Central School Then and Now


1890s

Carson City’s Central School sat at the corner of Minnesota and Telegraph Streets. This view is of the front of the school, the east side that faced Minnesota. You can just see the rise of C Hill on the right-hand side of the building. It was built around 1872, and was the largest school in town. Some students attended the smaller schools on the edge of town, like the North Ward and South Ward Schools, but the majority of them made their way every day to this two-story edifice, located near the Capitol amongst houses and churches. There was even a carriage house in the back for students that could drive themselves. You can see it peeking around the building on the right side of the picture.

The Central School survived until 1906. In that year, a new brick schoolhouse, three stories tall and taking up an entire city block, was built just a couple of blocks away. Overshadowed, and with its usefulness outlived, the Central School was torn down after the new school opened.


2006

Today there are no more classes being held at the corner of Minnesota and Telegraph. After the school was torn down, the lot it sat on was bought by Dr. Simeon L. Lee, a noted local surgeon. Or perhaps he bought the whole school and tore it down himself. The timeline isn’t really clear here. But what we do know is that Dr. Lee split the lot into two parcels and sold the south part to H.H. Springmeyer, a Carson Valley rancher, who built a house at 302 N. Minnesota, on the left of the picture above. Dr. Lee then built himself a house on the north parcel, at 340 N. Minnesota. It’s rumored that wood from the doomed schoolhouse was used in the construction. By 1908 or 1909 both houses were finished and lived in, and both of them still survive today.

H.H. Springmeyer lived in his house until 1927, when he sold it to State Treasurer George Russell. The house stayed in the family and was later the home of Charles Russell, Nevada’s 20th governor. He and his wife lived there until 1975. The Springmeyer house is now the offices of John C. Cowee, Certified Public Accountant.

Dr. Lee stayed in his house until his death in 1927. He went on to become much more than just a surgeon, filling the roles of Secretary of the State Board of Health and then State Health Officer. He was also a collector and philanthropist, filling his house with Indian artifacts, fossils, guns, crystal, tiffany, and other works of art. After his passing his widow lived in the house for a few more years, but eventually sold it to Judge Clark Guild.

Judge Guild was a prominent and well-liked justice, as well as a powerful force in Carson City. It was Judge Guild who organized the first Nevada Day parade in 1938. Similar celebrations had been held in Reno during the 30s, but they were small, and getting smaller each year. Judge Guild saw the importance of celebrating Nevada’s admission to the union, so he banded together with a Reno ad exec to put on a parade in the capital city. The first parade was on October 31, 1938, and the following year Nevada Day was made an official state holiday. It was also Judge Guild who founded the Nevada State Museum. He saw the need for the state to have a museum, even though most of his friends didn’t, and when the federal government put the old Mint building on Carson Street up for sale it was Judge Guild who urged the state to buy it and led the effort to gather artifacts and remodel the building. When the museum opened in 1941, the collection of Dr. S. L. Lee, the collection that had been amassed in the same house Judge Guild was living in now, was on prominent display. Lee’s wife had donated it after his death.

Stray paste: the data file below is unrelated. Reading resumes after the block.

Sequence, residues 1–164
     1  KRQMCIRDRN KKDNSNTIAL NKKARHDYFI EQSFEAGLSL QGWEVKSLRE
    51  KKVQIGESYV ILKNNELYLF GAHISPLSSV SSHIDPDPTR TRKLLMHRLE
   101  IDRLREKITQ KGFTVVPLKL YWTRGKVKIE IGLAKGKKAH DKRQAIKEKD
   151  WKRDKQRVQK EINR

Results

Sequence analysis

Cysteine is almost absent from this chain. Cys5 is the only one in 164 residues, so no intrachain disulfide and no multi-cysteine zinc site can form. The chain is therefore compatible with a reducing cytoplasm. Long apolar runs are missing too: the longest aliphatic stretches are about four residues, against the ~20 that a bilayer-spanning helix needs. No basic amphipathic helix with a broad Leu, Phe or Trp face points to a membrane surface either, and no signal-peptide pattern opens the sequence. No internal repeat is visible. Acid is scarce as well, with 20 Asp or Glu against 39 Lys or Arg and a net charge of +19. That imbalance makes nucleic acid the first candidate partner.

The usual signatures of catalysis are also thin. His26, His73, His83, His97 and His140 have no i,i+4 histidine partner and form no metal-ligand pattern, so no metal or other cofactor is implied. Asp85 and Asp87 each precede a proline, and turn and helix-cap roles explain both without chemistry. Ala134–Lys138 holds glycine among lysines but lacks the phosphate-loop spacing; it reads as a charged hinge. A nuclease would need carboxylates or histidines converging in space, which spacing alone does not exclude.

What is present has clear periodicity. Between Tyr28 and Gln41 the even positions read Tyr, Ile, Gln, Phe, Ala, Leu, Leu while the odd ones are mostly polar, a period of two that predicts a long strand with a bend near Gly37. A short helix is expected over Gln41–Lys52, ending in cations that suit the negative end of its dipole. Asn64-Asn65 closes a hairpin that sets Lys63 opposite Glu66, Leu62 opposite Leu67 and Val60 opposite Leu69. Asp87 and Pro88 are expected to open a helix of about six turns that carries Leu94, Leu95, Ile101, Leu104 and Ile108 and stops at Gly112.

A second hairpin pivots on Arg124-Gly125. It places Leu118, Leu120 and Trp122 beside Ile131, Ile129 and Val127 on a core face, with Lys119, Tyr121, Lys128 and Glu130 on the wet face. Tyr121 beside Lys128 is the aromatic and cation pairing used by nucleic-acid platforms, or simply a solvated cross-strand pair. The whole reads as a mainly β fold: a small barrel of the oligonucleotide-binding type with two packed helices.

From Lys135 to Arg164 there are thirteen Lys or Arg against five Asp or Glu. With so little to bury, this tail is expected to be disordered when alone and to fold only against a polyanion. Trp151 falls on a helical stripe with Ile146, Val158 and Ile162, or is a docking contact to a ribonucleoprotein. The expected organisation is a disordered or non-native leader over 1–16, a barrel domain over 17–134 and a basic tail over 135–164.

As a judge, Guild used the front parlor of his own house to conduct wedding ceremonies. And as a neighbor, he became so close to the Russells next door that his daughter Marjorie ended up marrying their son Charles, and the two of them went on to become Governor and first lady of Nevada. Judge Guild lived at 340 N. Minnesota until his death in the 1970s, and after his passing the house was sold to members of the Scripps publishing family. The Scripps only lived here for four years, but during that time they did extensive remodeling, updated the plumbing and electrical systems, and painted all of the solid mahogony woodwork white. After they moved out the house was sold again, and since 1978 this has been the home of Resource Concepts, Inc., a local civil engineering and resource management firm.

And remember that carriage house that was peeking around the corner of the building? It’s still there.


The old carriage house, now storage space for blueprints.

Also, the woodwork in the house is still painted white.

There’s another picture of the Central School in Then And Now #12.

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